Remember; remember the cultural history of Guy Fawkes Day is a volume that was written by Sharpe James in 2005. The book which is 230 pages explores the 2005 anniversary of Fawkes gun powders plot as one of the most famous plots in world history. Even though the book is written colorfully, there are myriad implications worth noting.  For instance, the 1605 plot has a great resonance in today’s history in an era when there is religious fanaticism, terrorism, and ideological conflicts. The volume illustrates how on 5th November 1605, Fawkes was found under the cellars of parliament house guarding gun powder. Guys Fawkes is usually remembered for his tyranny act in the 1500s whereby hundreds of Roman Catholics were killed during Queen Elizabeth’s reign. It further examines how The Roman Catholics had great hopes that after the death of Queen Elizabeth, King James who took power would be more tolerant to the Roman Catholics. However, their hopes were not realized and as a result, a group of anarchists was formed. The groups came up with the gunpowder plot to put an end to the violence that was meted against Roman Catholics. In the process, they wanted to eliminate king James 1 and parliament. The set date was November 5th but part of the group felt that the explosion would result in innocent people being injured including parliament members who were not against the Catholics. Hence, a member of the group wrote to a friend to warn him of the impending plan and thus the plot was exposed. Finally, the book illustrates how on the same night, a search party found Fawkes guarding the gun powder. He was then arrested and charged with treason and presently, guy Fawkes is one of the most notorious historical figures in the world.
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The book was published in 1987. It introduces English-speaking readers to the theories of Kung”s works on the future of Christology by tackling issues such as deism and theism. The author discusses an existing duality in the religious lives of people. According to Hans Kung, grassroots Christianity and the Christian denomination of the believers have pietism. On the other hand, government officials and politicians’ religions are all about deism flavor. The book gives an illustration of how individuals rationally talk about the blessings of God without necessarily mentioning the name of Jesus Christ or salvation or sin. According to the works of Hans Kung, these individuals merely practice experiential religion not only in their churches but also in their private lives.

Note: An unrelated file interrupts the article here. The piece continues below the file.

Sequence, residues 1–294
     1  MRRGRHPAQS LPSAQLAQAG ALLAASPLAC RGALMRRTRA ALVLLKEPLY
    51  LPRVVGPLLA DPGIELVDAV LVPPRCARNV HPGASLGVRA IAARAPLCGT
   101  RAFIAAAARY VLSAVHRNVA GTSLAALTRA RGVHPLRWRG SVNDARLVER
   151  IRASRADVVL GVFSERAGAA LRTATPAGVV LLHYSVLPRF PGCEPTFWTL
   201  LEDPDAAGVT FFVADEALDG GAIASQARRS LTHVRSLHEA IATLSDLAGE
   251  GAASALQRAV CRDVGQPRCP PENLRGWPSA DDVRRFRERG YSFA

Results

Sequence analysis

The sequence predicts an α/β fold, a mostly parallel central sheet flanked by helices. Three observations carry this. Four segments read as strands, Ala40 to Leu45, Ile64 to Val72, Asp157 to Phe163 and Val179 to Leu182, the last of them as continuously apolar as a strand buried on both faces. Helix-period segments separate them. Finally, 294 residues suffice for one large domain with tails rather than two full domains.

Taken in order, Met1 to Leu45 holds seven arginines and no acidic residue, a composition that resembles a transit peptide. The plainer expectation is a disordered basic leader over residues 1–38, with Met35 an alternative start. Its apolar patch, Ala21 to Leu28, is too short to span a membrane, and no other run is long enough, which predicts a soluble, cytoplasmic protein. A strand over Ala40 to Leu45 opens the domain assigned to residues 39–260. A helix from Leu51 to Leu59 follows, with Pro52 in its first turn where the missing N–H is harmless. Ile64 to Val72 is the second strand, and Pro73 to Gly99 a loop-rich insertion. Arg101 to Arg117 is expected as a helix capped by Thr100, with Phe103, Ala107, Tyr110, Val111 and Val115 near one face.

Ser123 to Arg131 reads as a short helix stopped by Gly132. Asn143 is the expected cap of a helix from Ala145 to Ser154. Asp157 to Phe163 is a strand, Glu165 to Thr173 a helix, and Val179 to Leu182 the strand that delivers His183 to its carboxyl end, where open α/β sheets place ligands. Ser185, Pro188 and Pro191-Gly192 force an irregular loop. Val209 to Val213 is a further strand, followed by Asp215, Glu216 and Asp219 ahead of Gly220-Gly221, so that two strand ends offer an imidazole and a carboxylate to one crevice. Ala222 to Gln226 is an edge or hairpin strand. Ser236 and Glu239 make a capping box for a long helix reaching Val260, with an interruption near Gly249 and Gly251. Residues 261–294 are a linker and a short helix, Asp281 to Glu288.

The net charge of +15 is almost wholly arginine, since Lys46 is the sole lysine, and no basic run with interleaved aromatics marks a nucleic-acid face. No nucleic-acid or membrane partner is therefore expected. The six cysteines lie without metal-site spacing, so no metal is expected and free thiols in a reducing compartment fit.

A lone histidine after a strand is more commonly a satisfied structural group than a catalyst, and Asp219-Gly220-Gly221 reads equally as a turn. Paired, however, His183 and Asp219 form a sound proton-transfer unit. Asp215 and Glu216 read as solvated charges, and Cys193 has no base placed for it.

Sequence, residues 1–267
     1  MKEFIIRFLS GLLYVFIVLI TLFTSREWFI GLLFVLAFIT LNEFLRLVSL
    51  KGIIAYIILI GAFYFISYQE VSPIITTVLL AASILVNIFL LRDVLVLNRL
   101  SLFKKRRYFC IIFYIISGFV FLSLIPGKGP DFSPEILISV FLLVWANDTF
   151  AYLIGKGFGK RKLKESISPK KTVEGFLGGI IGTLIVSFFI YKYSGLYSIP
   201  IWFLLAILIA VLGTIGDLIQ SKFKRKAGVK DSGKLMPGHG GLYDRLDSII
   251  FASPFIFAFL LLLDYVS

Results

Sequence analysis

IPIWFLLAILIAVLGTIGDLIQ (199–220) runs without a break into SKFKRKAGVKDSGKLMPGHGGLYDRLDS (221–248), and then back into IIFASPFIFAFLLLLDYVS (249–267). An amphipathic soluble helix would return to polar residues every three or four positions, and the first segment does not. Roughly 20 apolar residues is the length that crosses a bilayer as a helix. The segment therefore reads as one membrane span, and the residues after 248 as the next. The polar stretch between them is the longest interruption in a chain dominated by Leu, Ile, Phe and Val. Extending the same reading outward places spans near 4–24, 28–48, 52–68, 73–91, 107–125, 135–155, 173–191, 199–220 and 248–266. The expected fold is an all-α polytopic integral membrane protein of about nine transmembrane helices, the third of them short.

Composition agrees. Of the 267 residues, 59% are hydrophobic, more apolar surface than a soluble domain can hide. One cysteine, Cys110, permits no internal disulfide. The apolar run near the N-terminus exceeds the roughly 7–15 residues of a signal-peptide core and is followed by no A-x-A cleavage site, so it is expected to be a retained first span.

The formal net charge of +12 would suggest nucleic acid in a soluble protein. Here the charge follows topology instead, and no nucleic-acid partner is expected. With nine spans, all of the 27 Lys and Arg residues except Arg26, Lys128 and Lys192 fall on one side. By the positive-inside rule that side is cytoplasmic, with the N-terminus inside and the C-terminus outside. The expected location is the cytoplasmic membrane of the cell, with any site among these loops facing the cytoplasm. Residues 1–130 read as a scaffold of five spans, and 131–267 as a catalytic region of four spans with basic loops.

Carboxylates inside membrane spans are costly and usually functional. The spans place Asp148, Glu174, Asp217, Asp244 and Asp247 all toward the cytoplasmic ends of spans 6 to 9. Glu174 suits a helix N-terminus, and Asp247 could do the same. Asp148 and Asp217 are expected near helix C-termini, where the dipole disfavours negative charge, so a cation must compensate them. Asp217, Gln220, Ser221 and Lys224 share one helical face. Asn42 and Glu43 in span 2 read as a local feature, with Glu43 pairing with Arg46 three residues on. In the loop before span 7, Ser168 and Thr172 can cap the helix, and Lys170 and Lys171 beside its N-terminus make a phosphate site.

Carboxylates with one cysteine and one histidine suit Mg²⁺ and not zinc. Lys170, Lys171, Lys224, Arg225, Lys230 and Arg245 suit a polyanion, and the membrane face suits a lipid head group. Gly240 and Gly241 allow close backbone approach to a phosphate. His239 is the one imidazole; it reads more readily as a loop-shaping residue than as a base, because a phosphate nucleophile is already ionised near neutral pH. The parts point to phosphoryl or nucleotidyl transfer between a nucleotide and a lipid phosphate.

“Inventing the sacred: imposture, inquisition, and the boundaries of the supernatural in golden age Spain” was written by Andrew Keitt and published by Brill in 2005. The book examines the issue of Seventeenth-century rationalism (1600-1699). The author explores the inquisition of Spanish to individuals who are self-proclaimed, miracle-working, and holy. The 229 pages book illustrates how the Spanish inquisition started to prosecute people for crimes of attempting to distinguish the existence of “false saints”. The book further draws manuals of religious confessions, autobiographies of spiritual beliefs, spiritual discernment, and trial record inquisition. It points out the imposture of religious problems about the campaigns of Catholics on the issues of confession and social discipline that existed in Seventeenth-century rationalism. The volume also analyses various ways on conceptual controversies in 17th-century medicine, demonology, and natural philosophy and how the same affected church disciplinary goals in society.
Keitt, Andrew. Inventing the sacred: imposture, Inquisition, and the boundaries of the supernatural in Golden Age Spain. Boston: Brill. 2005.
kung, Hans. The incarnation of God: an introduction to Hegel’s theological thought as prolegomena to a future Christology. London: Continuum international publishing group. 1987.
Sharpe, James. Remember, remember: a cultural history of Guy Fawkes Day. Harvard: Harvard university press. 2005.
- James Sharpe, Remember, remember: a cultural history of Guy Fawkes Day. Harvard: Harvard university press, 2005. p.56.
- Ibid, p.28.
- Hans, Kung. The incarnation of God: an introduction to Hegel’s theological thought as prolegomena to a future Christology. London: Continuum international publishing group. 1987, p.12.
- Keitt, Andrew. Inventing the sacred: imposture, Inquisition, and the boundaries of the supernatural in Golden Age Spain. Boston: Brill. 2005. p.8